From the rapid growth of online, ancillary services, mobile bookings and the resurgence of corporate travel, Asia is well poised to continue its strong growth of 2010 into 2011.
“In 2010, Abacus achieved its strongest year in terms of bookings since 2007,” said Bailey. “We expect the figures to increase with Asia’s sharp growth in travel, although 2011 may be a year of cautious optimism for many.”
Brett Henry, VP Marketing, VP India, Abacus International, added, “2010 has been a record recovery year for many channels within the travel industry. Airlines have bounced back, corporate travel has picked up by 20 per cent. Despite challenges such as natural disasters and rising fuel costs, travel is back, and much of that is due to the strong push corporate has made in this area. We look to work with all the various channels to best support this continued push, as 2011 looks to continue the upward trend, especially in light of growing economies throughout Asia.”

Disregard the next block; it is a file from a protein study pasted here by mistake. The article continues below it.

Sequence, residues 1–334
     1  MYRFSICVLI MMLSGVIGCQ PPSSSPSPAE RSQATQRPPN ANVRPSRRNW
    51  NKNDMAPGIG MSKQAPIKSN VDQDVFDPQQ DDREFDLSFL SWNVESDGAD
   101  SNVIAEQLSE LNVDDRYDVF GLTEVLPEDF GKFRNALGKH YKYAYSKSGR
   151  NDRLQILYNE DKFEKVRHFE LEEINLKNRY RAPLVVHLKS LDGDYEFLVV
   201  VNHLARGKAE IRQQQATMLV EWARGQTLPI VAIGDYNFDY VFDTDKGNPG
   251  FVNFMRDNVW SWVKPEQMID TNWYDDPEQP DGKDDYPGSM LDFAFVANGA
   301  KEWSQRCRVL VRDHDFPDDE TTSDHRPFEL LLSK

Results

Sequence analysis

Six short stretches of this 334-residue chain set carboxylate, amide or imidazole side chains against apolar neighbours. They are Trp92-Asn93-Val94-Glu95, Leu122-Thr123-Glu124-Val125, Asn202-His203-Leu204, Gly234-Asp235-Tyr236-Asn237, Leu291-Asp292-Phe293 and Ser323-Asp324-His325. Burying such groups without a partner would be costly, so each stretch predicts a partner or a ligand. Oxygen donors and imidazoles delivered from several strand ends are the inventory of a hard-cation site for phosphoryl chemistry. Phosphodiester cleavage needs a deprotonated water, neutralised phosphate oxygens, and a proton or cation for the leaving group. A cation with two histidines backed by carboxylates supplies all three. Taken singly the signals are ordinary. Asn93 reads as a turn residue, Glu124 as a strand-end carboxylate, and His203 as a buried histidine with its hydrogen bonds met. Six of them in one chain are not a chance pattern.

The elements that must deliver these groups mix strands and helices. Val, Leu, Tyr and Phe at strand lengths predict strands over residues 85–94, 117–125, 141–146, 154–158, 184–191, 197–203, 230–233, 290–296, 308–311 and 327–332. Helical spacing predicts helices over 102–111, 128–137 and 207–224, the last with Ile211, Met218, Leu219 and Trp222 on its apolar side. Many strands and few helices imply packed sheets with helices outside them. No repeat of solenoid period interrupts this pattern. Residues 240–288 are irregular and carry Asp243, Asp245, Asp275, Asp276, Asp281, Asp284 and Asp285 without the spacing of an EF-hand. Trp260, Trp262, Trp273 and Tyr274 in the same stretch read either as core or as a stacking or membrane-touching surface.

According to the latest Abacus booking data, independent traveller bookings in Asia remained strong in 2010, up 11 per cent from 2009. North Asia increased by 14 per cent, South East Asia by eight per cent and South West Asia by 10 per cent year-on-year. Hotel Average Daily Rates (ADR) were also up four per cent from the previous year, led by Taiwan, Hong Kong and China. Most markets experienced an overall hotel booking increase by 126 per cent in 2010 over 2009.
Asia Pacific international traffic accounts for 29.6 per cent of the world’s RPKs, and set many new records in terms of passenger traffic. Asian aviation played a key role in the recovering global aviation industry, through its bulk of growth, speed of recovery and continued strength.
By 2013, IATA predicts that Asia Pacific’s market share in aviation will grow to almost one-third of total global passenger traffic. Asia Pacific is poised to overtake the US and Europe as the world’s largest air transport market, with Asia Pacific airlines carrying over 30 per cent of global passenger traffic and around 40 per cent of air freight.